In a naval operation conducted on November 22, 2018, the Honduran Naval Force (FNH, in Spanish) seized half a ton of illicit drugs in the Honduran Caribbean. The Honduran National Police Anti-drug Directorate assisted with the operation.
Through a joint intelligence effort and information provided by an informant, FNH identified a vessel loaded with drugs in the waters of Gracias a Dios department, on the border with Nicaragua. After obtaining the information, FNH sent two Coast Guard rapid-response Cayman speedboats.
“A vessel loaded with drugs set off from the village of Palacios in Gracias a Dios department, bound to a place near the village of Santa Rosa de Aguán, in Colón department,” FNH Captain José Domingo Meza, director of the Armed Forces’ Public Affairs, told Diálogo. “[The information] was transferred to the Coast Guard so they could conduct a maritime interdiction operation.”
As a result of the operation, authorities seized 532 kilograms of cocaine and an Eduardoño offshore speedboat. The boat’s crew escaped after leaving the vessel on the beach.
In the early hours of the day, FNH units deployed to the coast of Santa Rosa de Aguán, where they located the suspicious speedboat. “According to information received, the boat’s description, its sailing speed, and the crew’s refusal to follow the Coast Guard’s orders, it was identified as the suspicious vessel,” Captain Juan Pablo Rodríguez, FNH head of operations, told Diálogo. “When it was detected, the vessel was navigating off to the coast, at no more than 1 mile, bound 270 degrees from east to west.”
Based on naval protocols, the Coast Guard agents fired warning shots as an order to stop the boat. However, the vessel’s crew did not stop the boat and replied by firing at the naval units. This led to a pursuit that ended on a beach at Santa Rosa de Aguán.
“As soon as these criminals knew they had been busted by our Coast Guard, they headed straight to the beach,” Capt. Rodríguez said. “They escaped so as to not be arrested with the evidence and be brought to justice.”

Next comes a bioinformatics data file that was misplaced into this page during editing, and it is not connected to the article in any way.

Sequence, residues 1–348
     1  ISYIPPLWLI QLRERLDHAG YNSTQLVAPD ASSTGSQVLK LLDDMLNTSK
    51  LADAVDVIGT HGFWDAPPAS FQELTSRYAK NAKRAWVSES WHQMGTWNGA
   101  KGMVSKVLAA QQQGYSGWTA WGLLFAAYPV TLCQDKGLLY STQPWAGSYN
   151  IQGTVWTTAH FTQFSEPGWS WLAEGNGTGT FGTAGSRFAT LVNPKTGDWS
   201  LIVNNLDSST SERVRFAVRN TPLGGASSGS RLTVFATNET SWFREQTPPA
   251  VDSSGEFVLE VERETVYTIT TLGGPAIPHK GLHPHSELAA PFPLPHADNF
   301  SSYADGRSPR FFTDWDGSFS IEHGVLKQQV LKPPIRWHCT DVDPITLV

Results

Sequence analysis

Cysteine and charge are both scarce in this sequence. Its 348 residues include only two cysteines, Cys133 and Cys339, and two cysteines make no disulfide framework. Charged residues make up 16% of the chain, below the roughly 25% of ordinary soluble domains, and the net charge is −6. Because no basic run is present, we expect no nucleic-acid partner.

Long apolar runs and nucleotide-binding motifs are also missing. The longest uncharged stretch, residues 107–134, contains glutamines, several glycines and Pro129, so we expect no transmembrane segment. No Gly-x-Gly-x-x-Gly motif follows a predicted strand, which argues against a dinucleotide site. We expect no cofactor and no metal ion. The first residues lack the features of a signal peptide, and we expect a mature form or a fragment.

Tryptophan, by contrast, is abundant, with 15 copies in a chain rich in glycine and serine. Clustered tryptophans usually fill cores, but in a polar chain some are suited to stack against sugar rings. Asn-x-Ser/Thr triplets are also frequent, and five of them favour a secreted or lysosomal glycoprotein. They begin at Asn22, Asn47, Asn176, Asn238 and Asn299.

On the deck of the vessel, FNH units found 18 bags with a total of half a ton of cocaine. They also found AK-47 rifle shells. The drugs as well as the glass-fiber speedboat—22 feet long and with two 200 horsepower outboard engines—were brought to the Honduran Public Ministry’s Special Prosecutor Office Against Organized Crime.
The largest seizure in 2018
The coastal area of Madre de Dios and Colón is plagued with narcotraffickers, Capt. Rodríguez said. “[Criminals] choose these locations to smuggle drugs because they get the support of the population and because these are remote areas with little or no police presence,” he said. “It’s a strategic spot where they can move without being noticed, due to the interconnected riverine channels.”
According to the Armed Forces, FNH’s achievements are up. The seizure on November 22 was the largest the institution carried out in 2018. In total, FNH seized about one ton of cocaine during the year. In 2017, 713 kg of cocaine were seized, compared to 275 kg in the previous year.
Capt. Meza attributed FHN’s success to the rigorous training and the frequent exchanges of experience between partner nations, such as the United States and Colombia. The spokesperson also stressed the increase of patrols throughout the maritime territory.
“They take courses in maritime interdiction, board and search, trained commands in maritime interdiction and counter-narcotics, sniper, riverine pilot, riverine gunman, and urban operations,” Capt. Meza said. “We have more than 1,200 vessels patrolling our areas of responsibility on a permanent basis.”
The naval institution also intends to increase its fleet with new speedboats. The last ships obtained, two Multi-Mission Interceptor 35 speedboats, made by the Science and Technology Corporation for Colombia’s Naval, Maritime, and Riverine Industry Development, will be delivered in 2019 and will continue to strengthen security operations against narcotrafficking and related crimes.
“The emphasis on operational readiness is to avoid having criminal groups smuggle drugs in areas under the Naval Force’s control,” Capt. Meza concluded. “Our mission, as the Armed Forces, is to protect naval, land, and air borders.”